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In 1841, a physically imposing, twenty-three year-old Frederick Douglass leaned against the rail of a ferry headed for Nantucket. He contemplated the wake widening out behind him and second-guessed his decision to travel after 3 years of trying to remain inconspicuous as a runaway. But he had been invited by a group of abolitionists to attend a rally on Nantucket Island. The Fugitive Slave Act was still in force and Frederick risked being captured and a sure return to slavery by making the trip. The courage it took to take such a journey must have been summoned from deep within his soul.
Little did Frederick Douglass know; this was the beginning of his courageous and history-altering journey. He would go on to help shape the opinions and the words of Abraham Lincoln.
Born with Spina Bifida, 12-year-old Mitchell couldn’t walk. He longed to be with his scout troop in the outdoors but was afraid to impose on the others who would have to somehow get him to camp. When the time arrived to trek to a spot in the high desert, the scoutmaster asked the other boys how they felt about Mitchell. To a boy, they all agreed that he should go. They built a special litter of Aspen poles and carried Mitchell the 3 miles up a rugged trail. It took a lot of courage for the first boy to raise a hand in support, and courage by the others to join in. It became the journey of a lifetime for each boy as they paired off and took turns carrying Mitchell up the mountain.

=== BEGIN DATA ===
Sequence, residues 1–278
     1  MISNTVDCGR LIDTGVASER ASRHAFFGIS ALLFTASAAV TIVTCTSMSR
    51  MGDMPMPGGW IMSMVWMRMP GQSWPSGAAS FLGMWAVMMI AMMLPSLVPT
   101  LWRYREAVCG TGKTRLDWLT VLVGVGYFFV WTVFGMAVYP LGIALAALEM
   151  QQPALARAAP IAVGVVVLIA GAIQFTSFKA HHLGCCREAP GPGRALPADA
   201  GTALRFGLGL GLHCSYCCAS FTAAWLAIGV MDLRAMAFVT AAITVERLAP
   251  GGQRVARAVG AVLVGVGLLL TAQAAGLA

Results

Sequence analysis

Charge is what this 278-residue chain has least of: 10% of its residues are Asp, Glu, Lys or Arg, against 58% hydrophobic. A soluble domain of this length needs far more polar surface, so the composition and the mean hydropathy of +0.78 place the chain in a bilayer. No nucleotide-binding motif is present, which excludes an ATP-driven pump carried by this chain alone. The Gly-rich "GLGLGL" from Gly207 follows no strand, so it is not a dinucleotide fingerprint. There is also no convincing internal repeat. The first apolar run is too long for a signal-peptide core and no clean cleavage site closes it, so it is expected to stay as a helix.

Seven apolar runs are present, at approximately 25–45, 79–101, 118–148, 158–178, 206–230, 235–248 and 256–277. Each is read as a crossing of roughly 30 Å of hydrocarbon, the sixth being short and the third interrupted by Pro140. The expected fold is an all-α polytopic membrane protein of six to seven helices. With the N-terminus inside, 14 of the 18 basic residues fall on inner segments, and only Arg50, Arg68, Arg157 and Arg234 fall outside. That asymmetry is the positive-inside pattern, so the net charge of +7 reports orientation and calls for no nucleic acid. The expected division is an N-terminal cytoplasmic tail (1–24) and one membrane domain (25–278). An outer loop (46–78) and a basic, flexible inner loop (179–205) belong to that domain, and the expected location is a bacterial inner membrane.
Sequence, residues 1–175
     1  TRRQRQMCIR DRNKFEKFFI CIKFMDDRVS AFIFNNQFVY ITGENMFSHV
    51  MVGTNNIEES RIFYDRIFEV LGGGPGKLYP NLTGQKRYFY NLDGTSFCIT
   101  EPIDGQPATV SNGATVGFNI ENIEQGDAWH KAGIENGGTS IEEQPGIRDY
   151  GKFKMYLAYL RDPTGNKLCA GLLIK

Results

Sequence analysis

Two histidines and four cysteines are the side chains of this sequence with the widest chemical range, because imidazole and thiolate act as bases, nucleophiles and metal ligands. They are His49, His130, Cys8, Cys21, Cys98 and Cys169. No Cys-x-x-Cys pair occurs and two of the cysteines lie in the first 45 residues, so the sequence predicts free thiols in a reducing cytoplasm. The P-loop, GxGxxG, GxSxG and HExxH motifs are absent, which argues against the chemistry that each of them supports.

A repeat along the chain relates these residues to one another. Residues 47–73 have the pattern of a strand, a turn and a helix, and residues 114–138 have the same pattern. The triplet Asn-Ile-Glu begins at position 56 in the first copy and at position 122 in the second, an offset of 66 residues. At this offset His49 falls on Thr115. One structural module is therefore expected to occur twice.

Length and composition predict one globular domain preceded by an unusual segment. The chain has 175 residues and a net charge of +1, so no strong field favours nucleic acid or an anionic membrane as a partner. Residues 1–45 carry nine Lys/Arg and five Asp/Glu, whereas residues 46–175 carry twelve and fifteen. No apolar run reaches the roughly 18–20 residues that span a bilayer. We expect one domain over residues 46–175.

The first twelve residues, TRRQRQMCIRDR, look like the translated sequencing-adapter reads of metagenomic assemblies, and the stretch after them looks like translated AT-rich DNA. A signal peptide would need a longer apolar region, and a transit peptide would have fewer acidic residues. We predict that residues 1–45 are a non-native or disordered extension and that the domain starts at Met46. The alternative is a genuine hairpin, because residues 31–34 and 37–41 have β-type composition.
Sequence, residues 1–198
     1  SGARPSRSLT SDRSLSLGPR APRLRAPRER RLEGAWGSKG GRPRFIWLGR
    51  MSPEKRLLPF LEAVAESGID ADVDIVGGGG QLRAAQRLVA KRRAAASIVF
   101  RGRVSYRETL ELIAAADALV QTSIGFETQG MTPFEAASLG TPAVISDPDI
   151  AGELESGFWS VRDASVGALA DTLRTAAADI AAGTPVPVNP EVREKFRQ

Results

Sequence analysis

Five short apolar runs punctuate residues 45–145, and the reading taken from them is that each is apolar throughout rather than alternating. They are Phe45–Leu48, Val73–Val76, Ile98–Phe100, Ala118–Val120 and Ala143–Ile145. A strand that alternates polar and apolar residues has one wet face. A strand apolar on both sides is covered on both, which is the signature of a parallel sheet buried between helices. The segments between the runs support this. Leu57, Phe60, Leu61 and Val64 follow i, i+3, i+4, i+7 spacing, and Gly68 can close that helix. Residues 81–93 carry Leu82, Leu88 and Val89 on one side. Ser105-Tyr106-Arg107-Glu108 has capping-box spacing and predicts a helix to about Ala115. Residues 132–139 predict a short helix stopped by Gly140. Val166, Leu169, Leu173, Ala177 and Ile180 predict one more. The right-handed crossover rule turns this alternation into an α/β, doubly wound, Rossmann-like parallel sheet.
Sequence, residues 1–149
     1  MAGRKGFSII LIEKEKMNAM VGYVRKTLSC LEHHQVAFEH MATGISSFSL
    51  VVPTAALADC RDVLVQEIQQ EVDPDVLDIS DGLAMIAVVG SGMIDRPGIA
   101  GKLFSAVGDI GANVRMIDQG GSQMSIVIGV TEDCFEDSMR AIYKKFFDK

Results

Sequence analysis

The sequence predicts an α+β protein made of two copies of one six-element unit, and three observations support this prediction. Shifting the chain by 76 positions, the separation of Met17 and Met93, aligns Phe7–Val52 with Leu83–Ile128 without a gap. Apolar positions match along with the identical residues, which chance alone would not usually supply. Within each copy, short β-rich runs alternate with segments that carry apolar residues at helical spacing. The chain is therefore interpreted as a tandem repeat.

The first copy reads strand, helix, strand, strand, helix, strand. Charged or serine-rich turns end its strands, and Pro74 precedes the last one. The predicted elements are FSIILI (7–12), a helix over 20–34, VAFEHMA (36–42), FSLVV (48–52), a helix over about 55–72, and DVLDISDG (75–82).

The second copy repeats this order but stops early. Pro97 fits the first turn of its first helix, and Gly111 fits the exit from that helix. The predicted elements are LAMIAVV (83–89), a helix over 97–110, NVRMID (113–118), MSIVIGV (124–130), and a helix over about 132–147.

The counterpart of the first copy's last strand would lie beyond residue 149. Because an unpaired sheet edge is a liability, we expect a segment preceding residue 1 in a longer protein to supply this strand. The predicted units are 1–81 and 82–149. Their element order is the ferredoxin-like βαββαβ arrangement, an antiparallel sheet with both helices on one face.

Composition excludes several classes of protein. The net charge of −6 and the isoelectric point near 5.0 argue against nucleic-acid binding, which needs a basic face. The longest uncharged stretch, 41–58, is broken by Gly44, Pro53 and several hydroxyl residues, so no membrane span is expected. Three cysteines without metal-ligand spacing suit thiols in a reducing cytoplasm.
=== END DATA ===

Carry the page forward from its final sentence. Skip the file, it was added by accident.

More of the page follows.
There are times in each of our lives that will require us to carry more than our fair share of weight, to take courage. And times when we will certainly shrink from the call. Kate, a gregarious teenage girl was reluctant to speak up to passing comments about her race. Though made casually, and by friends, they were still hurtful. Kate could not find the courage to confront her friends until her senior year. At a community gathering to promote unity, she was asked to speak. “When we are quick to judge, or when we make false assumptions about any being, we are depriving them the chance to prove themselves as good people and from believing that there is a place where they belong,” she said pushing through her fears. “This country is built on ‘Trust in God’ and I believe that in the eyes of God, all are equal and equally loved.” There was silence as this brave girl stood and looked out at the hundreds of eyes watching her. And then, applause. Sometimes courage is as simple as saying the right thing, at the right time.
For Frederick Douglass, Kate, and a group of young boys, they each acted on something bigger than themselves, something defined as courage---a word that moves us ahead into unknown waters while leaving a wake behind much bigger than ourselves.
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